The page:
Information on the Research Tax Credit
T-GGD-95-140: Published: Apr 3, 1995. Publicly Released: Apr 3, 1995.
- Full Report:
GAO discussed the research tax credit. GAO noted that: (1) in tax year 1992, corporations earned slightly over $1.5 billion in research tax credits; (2) most of the corporations were large manufacturers of chemicals, electronic machinery, motor vehicles, and nonelectronic machinery; (3) there is no estimate of the net benefit to society of the additional research the credit has stimulated; (4) the credit's fixed base can become too generous for some taxpayers, which results in revenue losses, and too restrictive for other taxpayers, which results in less research stimulation; (5) if the credit is extended, the base may need to be adjusted to better reflect the corporations' actual research spending behavior; (6) the Internal Revenue Service's administration of the credit has been difficult, mostly due to an unclear definition of qualified research spending; and (7) although recent regulations may resolve this uncertainty, the difficulty of distinguishing between innovative and routine research remains.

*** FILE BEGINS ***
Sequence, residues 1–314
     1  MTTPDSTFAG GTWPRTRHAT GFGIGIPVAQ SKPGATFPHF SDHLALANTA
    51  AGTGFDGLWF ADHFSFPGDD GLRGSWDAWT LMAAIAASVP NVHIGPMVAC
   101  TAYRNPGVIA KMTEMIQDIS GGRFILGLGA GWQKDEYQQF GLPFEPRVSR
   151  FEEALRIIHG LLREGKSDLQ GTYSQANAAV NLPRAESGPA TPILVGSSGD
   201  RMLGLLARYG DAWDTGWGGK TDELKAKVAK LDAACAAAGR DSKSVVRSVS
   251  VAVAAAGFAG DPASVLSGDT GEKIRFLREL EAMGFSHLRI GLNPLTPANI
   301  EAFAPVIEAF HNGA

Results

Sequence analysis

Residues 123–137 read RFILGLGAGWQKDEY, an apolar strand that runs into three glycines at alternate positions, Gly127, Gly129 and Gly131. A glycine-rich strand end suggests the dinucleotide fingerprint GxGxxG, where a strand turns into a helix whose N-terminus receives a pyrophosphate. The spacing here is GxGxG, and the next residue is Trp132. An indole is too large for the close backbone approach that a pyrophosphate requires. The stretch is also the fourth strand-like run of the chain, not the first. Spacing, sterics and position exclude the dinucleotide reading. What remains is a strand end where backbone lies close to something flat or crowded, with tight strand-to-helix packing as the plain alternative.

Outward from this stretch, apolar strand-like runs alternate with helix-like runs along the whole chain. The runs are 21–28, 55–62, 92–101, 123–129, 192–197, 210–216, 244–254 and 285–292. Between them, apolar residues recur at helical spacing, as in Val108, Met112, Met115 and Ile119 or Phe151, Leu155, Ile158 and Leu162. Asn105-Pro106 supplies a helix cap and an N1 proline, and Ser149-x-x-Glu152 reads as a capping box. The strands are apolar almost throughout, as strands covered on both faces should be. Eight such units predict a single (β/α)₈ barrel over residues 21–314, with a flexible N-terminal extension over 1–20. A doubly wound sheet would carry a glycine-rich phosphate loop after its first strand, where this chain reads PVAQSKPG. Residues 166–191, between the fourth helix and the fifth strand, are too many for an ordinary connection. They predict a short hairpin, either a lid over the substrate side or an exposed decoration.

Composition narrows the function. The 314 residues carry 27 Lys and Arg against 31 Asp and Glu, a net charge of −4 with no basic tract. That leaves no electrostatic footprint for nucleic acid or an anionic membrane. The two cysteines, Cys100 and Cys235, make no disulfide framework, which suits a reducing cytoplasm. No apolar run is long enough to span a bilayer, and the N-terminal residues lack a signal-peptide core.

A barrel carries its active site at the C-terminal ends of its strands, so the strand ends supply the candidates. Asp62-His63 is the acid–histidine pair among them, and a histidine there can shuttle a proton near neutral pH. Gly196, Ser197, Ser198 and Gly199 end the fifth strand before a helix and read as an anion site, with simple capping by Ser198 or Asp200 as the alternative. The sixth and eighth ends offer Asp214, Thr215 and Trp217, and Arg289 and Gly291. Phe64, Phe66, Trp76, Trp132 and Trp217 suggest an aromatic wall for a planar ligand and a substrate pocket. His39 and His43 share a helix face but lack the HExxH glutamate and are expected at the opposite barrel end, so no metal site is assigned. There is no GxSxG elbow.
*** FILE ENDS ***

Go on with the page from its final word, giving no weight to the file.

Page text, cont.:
Matter for Congressional Consideration
Status: Closed - Not Implemented
Comments: Congress has repeatedly extended the life of the research tax credit during the 1990s. In 1996, Congress added an alternative credit computation method for taxpayers that could not earn a credit under the regular computation method; however, other potential problems relating to the credit's base have not been addressed or studied in depth. The Omnibus Consolidated and Emergency Supplemental Appropriations Act of 1998 extended the credit through June 30, 1999, with no change in the credit. The Ticket to Work and Work Incentives Act of 1999 extended the credit through June 30, 2004, raised the rates of the alternative incremental credit, and extended the credit to cover research conducted in Puerto Rico.
Matter: If Congress decides to extend the credit, it may also want to ensure that the credit continues to provide an attractive incentive to most recipients at an acceptable revenue cost. One way this could be done is by requiring that the base be reviewed periodically and adjusted as needed.